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Friday, March 28, 2008

cartoon contradictions

i have a post that is in no way related to bones, hominids, or science. if you were expecting that, then you shouldn't read the rest of this, and should instead go read science or nature or something else. but given it's a friday, i think it's okay to be a little irreverent.

so i pose a series of questions related to disney cartoon characters that don't sit well with me:

in a cartoon featuring donald duck, he is shown as wearing a towel when coming out of the shower around his waist. YET given the fact that he does not wear pants, i just don't get it.












and what's more...if donald wears no pants, you might think this is just a cartoon thing. but then what about mickey?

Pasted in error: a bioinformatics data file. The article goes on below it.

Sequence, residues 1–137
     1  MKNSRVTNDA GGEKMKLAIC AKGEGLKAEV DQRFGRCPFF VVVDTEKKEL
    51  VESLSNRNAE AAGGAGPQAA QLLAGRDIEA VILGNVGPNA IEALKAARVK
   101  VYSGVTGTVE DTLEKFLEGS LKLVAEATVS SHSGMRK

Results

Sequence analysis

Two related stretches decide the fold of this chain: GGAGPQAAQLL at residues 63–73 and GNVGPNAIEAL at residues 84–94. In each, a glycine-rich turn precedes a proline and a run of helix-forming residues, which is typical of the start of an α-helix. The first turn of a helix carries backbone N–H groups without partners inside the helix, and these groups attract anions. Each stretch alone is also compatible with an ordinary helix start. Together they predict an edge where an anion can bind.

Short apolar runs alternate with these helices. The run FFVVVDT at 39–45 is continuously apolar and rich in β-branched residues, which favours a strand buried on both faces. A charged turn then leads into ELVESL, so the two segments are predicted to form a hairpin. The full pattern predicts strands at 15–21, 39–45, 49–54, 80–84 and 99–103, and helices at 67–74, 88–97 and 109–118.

and even if you accept the fact that mickey wears pants and donald does not (but wears a towel when coming out of the shower so must have some sense of propriety), what is up with goofy and pluto?


Both goofy and pluto are dogs. so then why is goofy anthropomorphic, yet pluto is relegated to fetching the newspaper and carrying around bones? it just doesn't add up.









is it because of the location of goofy's foramen magnum? is that why he is bipedal?




it's funny because i never thought of these things when i was eight. but when i was eight, i also built a fort under my bed. when my sister was eight, she ate potpourri because she thought it was candy. so who knows?